Karijo and Rooseboom both say that youth participation is not just about non-committal meetings and one-off roundtable talks. There has to be real change. ‘Accountable’ is a word that comes up often. Karijo tells us about the Youth Power Hub, a digital platform set up by Youth in Action to enable young people from Africa to take part in the International Conference on Population and Development held in Nairobi in 2019. ‘As young people, we had input into the agreements made at the conference’, she says. ‘Now we are looking to see if the promises are being kept. That’s not so common here.’
‘Countries made certain commitments at the conference’, she explains, ‘that more money would be made available to combat sexual violence, for example. We made a list of all the promises each country made and we’re keeping track of progress. We discuss this at follow-up sessions with policymakers, and we point out areas where work still needs to be done.’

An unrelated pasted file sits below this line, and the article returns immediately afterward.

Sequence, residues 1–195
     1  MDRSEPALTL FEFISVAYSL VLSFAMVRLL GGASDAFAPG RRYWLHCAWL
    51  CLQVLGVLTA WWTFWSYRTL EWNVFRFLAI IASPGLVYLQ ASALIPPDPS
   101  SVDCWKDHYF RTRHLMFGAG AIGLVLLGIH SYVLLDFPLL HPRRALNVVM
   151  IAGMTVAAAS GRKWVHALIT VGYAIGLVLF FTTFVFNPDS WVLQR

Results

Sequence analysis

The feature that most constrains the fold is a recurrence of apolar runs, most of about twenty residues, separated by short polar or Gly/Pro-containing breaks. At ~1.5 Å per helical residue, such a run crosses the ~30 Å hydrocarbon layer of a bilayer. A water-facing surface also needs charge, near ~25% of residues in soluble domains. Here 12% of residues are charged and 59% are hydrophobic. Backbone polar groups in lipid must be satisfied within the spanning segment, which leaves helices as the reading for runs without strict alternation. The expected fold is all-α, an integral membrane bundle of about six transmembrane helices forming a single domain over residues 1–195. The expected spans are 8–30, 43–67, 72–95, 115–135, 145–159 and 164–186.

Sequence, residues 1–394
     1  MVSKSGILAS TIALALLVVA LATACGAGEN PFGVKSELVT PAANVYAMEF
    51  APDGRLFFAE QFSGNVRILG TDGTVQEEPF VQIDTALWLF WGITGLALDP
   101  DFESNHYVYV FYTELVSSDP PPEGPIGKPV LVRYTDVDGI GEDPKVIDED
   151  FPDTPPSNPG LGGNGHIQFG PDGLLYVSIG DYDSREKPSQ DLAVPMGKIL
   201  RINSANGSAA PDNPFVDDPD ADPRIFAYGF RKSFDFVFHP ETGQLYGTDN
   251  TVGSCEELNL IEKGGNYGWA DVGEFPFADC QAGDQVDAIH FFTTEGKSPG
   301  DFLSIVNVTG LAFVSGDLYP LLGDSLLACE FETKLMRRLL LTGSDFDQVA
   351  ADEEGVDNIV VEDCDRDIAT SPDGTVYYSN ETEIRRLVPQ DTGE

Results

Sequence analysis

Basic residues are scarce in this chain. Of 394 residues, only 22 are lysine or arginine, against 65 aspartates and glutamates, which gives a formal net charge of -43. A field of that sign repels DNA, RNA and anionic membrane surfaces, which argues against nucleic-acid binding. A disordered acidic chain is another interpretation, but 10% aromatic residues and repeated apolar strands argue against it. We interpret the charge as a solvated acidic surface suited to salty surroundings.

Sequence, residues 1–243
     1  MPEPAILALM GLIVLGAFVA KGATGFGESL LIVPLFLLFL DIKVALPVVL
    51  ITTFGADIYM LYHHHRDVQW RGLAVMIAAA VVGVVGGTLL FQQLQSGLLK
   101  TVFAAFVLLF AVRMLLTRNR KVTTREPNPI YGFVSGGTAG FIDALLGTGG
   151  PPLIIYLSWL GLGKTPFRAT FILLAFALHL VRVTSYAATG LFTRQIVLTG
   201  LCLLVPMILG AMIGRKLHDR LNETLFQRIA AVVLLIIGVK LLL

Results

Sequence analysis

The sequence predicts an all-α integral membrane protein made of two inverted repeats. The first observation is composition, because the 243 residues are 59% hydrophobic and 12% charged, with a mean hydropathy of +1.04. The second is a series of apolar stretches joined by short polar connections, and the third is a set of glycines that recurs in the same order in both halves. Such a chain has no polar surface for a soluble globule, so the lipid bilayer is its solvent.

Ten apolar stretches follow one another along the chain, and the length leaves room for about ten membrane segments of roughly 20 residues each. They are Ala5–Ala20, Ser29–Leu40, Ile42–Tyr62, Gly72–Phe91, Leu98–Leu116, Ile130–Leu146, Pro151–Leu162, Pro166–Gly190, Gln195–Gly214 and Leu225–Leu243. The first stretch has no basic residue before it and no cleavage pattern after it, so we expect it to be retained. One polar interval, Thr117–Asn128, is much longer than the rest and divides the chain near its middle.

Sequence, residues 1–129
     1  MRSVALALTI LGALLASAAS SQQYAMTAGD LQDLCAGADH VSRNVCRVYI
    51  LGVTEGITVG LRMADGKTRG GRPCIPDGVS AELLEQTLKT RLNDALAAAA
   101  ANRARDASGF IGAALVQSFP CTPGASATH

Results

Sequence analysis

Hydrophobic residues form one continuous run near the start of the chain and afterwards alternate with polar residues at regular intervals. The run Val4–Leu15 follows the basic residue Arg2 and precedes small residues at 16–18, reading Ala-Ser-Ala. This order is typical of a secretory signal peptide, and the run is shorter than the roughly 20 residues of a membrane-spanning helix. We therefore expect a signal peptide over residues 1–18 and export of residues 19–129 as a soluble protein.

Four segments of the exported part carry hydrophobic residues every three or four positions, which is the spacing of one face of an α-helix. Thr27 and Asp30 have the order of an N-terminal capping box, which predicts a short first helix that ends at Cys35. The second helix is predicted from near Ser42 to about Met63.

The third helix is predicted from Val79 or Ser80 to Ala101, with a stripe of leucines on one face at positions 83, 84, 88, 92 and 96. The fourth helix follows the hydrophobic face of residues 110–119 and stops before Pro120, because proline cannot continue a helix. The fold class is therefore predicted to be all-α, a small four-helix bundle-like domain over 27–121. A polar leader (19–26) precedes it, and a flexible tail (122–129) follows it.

Rooseboom: ‘The great thing about what Evalin does, I think, is that it’s not just “tokenism”: quickly getting young people into the conference at the last minute. Young people are properly involved at all stages.’
Karijo’s job mainly concerns youth participation in the health sector. There is relatively little about health in the Dutch Youth at Heart strategy, it’s mainly about work and education. Why is that? ‘Young people’, Rooseboom says, ‘are often in a transitional phase of their lives, moving from learning to earning. The strategy therefore focuses on education and work, but that’s not all. We also do a lot on climate, and sexual and reproductive health and rights (SRHR). We might be able to work together more on the latter in the future, Evalin, so keep in touch with the Dutch.’